My Lords, I should like in a word to thank the noble Lord for his kindly reference to myself and to say that I apologize to him and to any other member of your Lordships' House to whom I may have caused inconvenience through my recent absence. The noble Lord has retailed the story connected with the placing of this question on the Order Paper, and he has quoted from a letter he received, sent on behalf of the First Lord of the Admiralty, from which he asks your Lordships to draw the conclusion that he was invited not to press this question because it is a matter of inconvenience and embarrassment to the Admiralty. That is true, but the interpretation which the noble Lord has put upon that request is not in accordance with the facts and not quite fair to my right honourable friend the First Lord of the Admiralty.

First of all, let me deal with the second part of the question, which relates to casualties among personnel. The noble Lord asks why he cannot be given figures concerning the number of casualties in the Royal Navy and he questions whether there can be any grounds of security for denying him this information. I can only say that it is the Government's firm decision not to give casualties for each separate Service. The noble Lord asked what possible security objection could there be to giving these figures and he quoted what he had heard on the wireless about United States casualties. It is not for me to defend or answer for the Government of the United States, but his argument would have been a little stronger if he had been able to say he had heard on the wireless accurate figures concerning enemy casualties. That he certainly has not heard, and presumably he has not heard these figures because the enemy consider there is a security objection to giving such figures.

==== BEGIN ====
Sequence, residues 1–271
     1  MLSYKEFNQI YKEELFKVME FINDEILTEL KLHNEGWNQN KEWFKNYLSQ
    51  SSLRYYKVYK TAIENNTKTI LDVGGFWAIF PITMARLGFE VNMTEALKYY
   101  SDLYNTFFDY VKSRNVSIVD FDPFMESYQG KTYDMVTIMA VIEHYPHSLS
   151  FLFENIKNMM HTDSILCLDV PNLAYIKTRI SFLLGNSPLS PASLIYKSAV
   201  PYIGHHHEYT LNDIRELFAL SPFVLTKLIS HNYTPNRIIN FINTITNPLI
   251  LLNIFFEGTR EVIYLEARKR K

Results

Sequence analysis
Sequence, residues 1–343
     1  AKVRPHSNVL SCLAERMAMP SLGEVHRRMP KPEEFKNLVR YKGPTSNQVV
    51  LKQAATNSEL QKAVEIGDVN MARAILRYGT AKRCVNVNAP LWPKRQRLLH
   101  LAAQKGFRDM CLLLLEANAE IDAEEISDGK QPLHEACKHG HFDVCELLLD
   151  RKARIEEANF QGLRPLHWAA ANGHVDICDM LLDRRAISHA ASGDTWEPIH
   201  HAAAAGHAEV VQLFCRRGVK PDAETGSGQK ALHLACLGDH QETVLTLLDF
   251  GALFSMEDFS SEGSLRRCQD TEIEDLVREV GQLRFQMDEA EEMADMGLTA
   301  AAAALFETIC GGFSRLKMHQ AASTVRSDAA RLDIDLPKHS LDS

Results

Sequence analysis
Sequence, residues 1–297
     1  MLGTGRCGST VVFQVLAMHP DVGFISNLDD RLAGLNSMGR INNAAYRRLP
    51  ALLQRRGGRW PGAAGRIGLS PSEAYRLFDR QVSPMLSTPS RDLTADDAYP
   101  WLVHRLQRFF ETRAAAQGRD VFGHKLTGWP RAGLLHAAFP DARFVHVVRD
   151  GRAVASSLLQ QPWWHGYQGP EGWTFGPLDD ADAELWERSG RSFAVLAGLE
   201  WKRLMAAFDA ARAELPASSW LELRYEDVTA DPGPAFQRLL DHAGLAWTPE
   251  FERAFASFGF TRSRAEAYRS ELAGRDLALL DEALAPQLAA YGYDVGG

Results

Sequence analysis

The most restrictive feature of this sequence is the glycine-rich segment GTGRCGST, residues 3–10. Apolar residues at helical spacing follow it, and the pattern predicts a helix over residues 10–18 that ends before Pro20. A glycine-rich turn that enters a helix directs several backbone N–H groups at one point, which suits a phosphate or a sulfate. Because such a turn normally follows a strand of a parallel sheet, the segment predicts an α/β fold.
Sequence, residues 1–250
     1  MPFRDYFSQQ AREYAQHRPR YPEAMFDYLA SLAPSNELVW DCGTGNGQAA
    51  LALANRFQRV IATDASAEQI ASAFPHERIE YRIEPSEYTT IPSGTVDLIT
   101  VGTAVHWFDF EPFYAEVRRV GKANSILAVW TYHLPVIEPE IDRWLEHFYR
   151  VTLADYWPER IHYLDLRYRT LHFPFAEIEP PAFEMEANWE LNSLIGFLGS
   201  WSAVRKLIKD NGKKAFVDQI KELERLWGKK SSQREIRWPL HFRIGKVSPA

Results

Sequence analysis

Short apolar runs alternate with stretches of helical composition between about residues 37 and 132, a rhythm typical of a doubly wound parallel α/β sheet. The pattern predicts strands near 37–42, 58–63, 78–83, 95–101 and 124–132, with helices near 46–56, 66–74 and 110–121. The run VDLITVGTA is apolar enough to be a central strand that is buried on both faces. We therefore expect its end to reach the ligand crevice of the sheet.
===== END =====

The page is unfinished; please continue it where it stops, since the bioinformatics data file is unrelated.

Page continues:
They are frightened to let their own people know them. There is a very great difference.


So long as the Government are convinced that the enemy could deduce useful information from casualties presented in this particular form, I am quite certain that the Government will persist in their decision not to give figures. So far as the first part of his question is concerned let me say this. It is perfectly true that it was intimated to the noble Lord that my right honourable friend the First Lord would prefer him to withdraw his question, but the reasons which led my right honourable friend to take that step were not those to which the noble Lord has referred. In his letter, which I think rather unfortunately the noble Lord did not quote in full, my right honourable friend makes it perfectly plain that the chief reason why he does not want to give lump figures of naval losses at the present time is due to the fact that he has already approached two members of another place who put down very similar questions with a request to withdraw their questions, and on the representations and on the grounds which my right honourable friend put to them these honourable gentlemen in another place did so withdraw their questions. Naturally, therefore, it is somewhat of an embarrassment to my right honourable friend now to give figures to a member of your Lordships' House which he has already explained to members of another place he would rather not give in public and has not done so.